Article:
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Tight forage supplies force changes for 2013 planting season
May 16, 2013

The difficult forage growing season from 2012 has continued into the  new growing season as producers scramble to find adequate forage  supplies for their livestock. Michigan State University Extension educators have been scouting alfalfa fields in both the Lower and Upper  Peninsula for winterkill and reports are that most fields are doing  pretty well compared to areas in Wisconsin, Minnesota and Ontario that  are reporting approximately 50 percent winterkill. Many graziers in  Michigan were hoping for a normal growing season to take the pressure  off winter forage supplies. Unfortunately, the weather in Michigan has  been cooler and wetter than normal, adding to the stress of last year  and delaying the vigorous growth phase for most pastures by several  weeks.

Local forage supplies are lower than normal and are being squeezed by  very low supplies of forages nationwide that will probably heighten  both demand and prices in the coming weeks and months. To help  supplement the lack of forage inventories, MSU Extension is recommending producers consider the use of annual forages to be  planted in the coming weeks. Desirable characteristics, such as rapid  growth, excellent drought resistance and good response to fertilizer and  water, make summer annual grasses an attractive choice to use in an  overall management scheme for forage production.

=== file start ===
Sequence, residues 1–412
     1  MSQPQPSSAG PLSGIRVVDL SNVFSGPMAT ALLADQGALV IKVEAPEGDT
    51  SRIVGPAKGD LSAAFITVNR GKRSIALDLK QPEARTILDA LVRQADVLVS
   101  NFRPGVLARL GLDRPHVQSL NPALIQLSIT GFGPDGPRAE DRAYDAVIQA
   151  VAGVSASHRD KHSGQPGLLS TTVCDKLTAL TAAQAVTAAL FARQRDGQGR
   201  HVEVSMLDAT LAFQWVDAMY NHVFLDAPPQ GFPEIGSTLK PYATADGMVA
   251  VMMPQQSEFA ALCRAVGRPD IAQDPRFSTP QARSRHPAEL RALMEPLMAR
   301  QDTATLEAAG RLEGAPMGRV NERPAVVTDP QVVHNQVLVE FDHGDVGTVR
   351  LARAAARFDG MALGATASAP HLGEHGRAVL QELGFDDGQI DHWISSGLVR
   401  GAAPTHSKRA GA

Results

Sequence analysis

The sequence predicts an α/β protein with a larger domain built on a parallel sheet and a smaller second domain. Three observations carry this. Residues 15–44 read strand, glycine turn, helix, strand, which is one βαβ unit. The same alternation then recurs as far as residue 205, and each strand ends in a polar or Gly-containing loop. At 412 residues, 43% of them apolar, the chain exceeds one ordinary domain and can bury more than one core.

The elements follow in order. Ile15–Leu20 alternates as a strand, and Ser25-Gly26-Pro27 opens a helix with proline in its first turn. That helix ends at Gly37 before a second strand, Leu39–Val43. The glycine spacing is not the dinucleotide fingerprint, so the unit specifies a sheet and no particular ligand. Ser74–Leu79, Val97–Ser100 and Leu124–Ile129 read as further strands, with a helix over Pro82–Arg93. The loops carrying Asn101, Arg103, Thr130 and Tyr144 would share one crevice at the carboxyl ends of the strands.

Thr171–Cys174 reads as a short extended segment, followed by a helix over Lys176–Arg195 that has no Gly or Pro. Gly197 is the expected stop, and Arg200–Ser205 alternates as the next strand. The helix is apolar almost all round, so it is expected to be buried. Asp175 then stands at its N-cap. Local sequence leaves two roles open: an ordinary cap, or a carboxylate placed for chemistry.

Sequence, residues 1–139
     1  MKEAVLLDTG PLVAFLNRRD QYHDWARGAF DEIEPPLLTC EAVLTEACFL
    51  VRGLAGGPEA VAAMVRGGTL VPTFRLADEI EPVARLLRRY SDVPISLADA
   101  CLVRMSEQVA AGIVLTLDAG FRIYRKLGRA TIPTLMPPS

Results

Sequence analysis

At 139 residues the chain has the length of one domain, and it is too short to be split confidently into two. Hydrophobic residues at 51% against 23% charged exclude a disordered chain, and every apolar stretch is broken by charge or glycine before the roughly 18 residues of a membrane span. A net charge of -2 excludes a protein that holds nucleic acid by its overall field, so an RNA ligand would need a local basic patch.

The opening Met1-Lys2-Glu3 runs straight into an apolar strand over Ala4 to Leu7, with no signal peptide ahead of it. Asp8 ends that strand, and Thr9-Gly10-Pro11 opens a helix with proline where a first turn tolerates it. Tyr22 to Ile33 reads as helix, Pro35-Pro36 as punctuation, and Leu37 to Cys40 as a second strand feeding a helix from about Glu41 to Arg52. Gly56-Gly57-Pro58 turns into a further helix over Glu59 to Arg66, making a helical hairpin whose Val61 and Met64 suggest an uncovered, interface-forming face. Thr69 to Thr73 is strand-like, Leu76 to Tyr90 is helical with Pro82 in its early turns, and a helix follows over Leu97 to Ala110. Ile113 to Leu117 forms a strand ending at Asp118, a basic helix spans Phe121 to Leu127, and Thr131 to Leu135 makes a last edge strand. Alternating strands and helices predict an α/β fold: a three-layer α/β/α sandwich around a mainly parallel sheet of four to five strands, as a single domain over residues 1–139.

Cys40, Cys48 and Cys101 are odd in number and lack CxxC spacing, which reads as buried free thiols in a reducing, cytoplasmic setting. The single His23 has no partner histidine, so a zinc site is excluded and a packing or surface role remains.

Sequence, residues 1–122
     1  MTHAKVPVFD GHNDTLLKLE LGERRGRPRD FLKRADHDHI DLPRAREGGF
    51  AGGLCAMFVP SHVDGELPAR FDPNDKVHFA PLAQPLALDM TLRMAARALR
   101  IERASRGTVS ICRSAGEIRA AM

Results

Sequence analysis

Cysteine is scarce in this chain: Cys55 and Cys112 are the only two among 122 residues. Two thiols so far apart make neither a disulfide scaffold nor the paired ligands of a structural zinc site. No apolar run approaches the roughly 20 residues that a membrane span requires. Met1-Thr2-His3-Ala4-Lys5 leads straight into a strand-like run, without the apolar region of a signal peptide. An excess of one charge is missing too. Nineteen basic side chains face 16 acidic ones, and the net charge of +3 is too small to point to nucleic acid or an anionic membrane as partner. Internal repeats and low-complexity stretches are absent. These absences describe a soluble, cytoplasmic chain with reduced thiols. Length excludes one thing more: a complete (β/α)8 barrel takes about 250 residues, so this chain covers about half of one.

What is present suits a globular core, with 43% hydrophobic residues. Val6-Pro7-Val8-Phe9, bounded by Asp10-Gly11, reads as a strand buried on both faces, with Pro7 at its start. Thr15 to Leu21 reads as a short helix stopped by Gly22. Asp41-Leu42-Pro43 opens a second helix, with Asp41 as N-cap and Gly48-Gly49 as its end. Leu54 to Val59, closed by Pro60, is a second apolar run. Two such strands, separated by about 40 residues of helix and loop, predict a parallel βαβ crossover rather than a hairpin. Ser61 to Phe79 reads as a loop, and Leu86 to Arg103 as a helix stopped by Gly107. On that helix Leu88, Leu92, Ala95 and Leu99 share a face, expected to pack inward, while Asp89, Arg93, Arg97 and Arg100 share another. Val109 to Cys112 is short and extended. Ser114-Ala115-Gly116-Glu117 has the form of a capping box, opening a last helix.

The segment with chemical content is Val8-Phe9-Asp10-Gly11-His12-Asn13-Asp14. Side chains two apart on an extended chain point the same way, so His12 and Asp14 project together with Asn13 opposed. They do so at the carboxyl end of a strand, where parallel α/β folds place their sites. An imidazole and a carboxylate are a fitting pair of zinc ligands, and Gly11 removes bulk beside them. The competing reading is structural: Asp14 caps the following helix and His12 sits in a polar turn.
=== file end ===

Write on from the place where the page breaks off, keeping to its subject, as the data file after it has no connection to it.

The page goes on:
Summer annual grasses are used for pasture, green chop, hay and  silage. Many times these annual grasses are used as emergency forage.  The most common annual grasses used in Michigan are sudangrass, hybrid  sudangrass, sorghum-sudangrass hybrids and forage sorghum available as  normal or brown midrib varieties. Other summer annual forage grasses  include teff grass, pearl millet, Siberian foxtail millet, German  foxtail millet and Japanese foxtail millet.

Several seed companies were contacted in regards to availability of  annual forage seed. They indicated that seed inventories of some forage  seeds are either unavailable or may be sold out within the next 30 days  due to unusually high demand or low supplies. Producers are encouraged to not wait to order their annual forage seed and should check with their local supplier for availability and variety characteristics.

Source: Dairy Herd Network

 

 

 


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